Title: The Quality of Mercy
Author: J.S. Cook
Publisher: Dreamspinner Press
Pages/Word Count: 44 Pages
At a Glance: A quick historical read, with unexpected revelations
Blurb: The year is 1934, and disgraced federal agent Nathan Devereaux is escorting convicted felon John Banks to visit his dying mother. Banks is despondent, miserably ill with a heavy cold, and unenthusiastic about traveling by plane. It isn’t a responsibility Devereaux wants, but something about the prisoner’s plight resonates with him.
Devereaux charters a plane to Wisconsin, hoping to get there before Banks’s mother breathes her last. But a routine journey swiftly turns into a sojourn in hell when a violent winter storm forces the plane miles off course, and Banks’s seemingly bad cold turns out to be diphtheria.
Stranded many miles from the destination, Devereaux must find a way to save Banks’s life without compromising the mission. Like Banks, Devereaux has secrets of his own, and the scope and purpose of his mission don’t quite square with the stories he tells. Making matters worse, he is the only one standing between Banks and certain death, but even a federal agent can do only so much—especially an agent with blood on his hands.
Review: If you’re looking for a quick way to pass the time, you like stories set in the past, and you find the relationship between a federal agent and a prisoner intriguing, then this is the story for you. The Quality of Mercy is an easy and fast read with all of the above, a few surprising character revelations, and one seriously bad illness that makes me really glad we have vaccinations today.
Despite the short length of the story, Nathan and Johnnie are fairly well developed characters. Nathan reveals what he knows about Johnnie and compares their lives, which might be an overused method for revealing information, but when the character in question is a federal agent and has access to prisoner files, well, it can’t be helped and it fits.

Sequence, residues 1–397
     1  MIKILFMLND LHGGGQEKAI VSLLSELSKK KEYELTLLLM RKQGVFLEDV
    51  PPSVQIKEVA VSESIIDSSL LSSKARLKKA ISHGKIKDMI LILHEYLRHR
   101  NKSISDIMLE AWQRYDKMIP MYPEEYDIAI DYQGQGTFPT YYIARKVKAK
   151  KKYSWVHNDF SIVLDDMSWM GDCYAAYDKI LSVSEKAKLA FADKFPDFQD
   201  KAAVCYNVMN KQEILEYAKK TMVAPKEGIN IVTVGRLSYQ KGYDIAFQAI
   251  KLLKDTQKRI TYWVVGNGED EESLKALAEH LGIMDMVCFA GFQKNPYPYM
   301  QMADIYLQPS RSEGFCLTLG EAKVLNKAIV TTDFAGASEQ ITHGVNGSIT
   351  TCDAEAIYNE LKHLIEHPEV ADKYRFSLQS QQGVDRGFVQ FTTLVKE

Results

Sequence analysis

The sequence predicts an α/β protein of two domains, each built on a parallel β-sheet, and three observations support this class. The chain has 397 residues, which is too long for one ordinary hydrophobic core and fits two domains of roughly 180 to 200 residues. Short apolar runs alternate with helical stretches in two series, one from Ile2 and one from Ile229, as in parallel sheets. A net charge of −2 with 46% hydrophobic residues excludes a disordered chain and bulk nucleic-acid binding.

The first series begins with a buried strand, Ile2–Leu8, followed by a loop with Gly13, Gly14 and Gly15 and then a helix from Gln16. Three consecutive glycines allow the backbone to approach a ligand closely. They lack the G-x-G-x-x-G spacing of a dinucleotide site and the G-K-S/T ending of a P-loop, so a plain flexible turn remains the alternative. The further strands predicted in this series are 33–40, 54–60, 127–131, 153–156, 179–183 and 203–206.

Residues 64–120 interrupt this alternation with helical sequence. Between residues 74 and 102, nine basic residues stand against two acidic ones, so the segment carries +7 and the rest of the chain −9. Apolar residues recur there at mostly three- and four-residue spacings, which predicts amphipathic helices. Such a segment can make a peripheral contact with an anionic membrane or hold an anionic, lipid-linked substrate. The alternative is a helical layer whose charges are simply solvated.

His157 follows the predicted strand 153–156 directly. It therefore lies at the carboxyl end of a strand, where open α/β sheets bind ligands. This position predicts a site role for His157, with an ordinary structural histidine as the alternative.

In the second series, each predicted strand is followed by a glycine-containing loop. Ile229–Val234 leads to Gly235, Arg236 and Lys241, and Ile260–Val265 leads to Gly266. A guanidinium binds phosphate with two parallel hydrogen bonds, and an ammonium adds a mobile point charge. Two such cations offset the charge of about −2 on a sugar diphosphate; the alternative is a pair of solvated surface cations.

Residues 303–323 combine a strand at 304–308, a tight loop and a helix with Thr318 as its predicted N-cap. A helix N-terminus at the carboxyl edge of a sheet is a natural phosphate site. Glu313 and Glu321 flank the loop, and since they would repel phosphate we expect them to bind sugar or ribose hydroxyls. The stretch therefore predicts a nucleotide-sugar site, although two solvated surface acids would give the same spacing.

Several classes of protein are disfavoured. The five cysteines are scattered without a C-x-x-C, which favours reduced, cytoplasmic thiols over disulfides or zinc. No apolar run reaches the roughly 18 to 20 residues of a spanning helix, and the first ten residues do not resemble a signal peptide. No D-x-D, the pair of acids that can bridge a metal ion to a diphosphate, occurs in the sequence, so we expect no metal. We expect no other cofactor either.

I was a bit disconcerted at first with how Nathan seemed to fall so quickly for Johnnie, but towards the end it made more sense. Would the story have worked for a full novel? No, I don’t think it would have; however, if there were some more pages—especially at the end, to explore Nathan and Johnnie’s new situation—I think the novella would have been stronger for it.
The author, Cook, clearly knows a bit about history, though. I had no idea what diphtheria was until I looked it up. Suffice to say it sounds incredibly unpleasant and looks disgusting, and, as a hypochondriac, I curse the author for introducing me to a new disease I can freak out over. Joking (or not) aside, I did question how quickly the diphtheria afflicted character recovered, but as I’m not a doctor, I have no real basis for judgment on that front.
You can buy The Quality of Mercy here: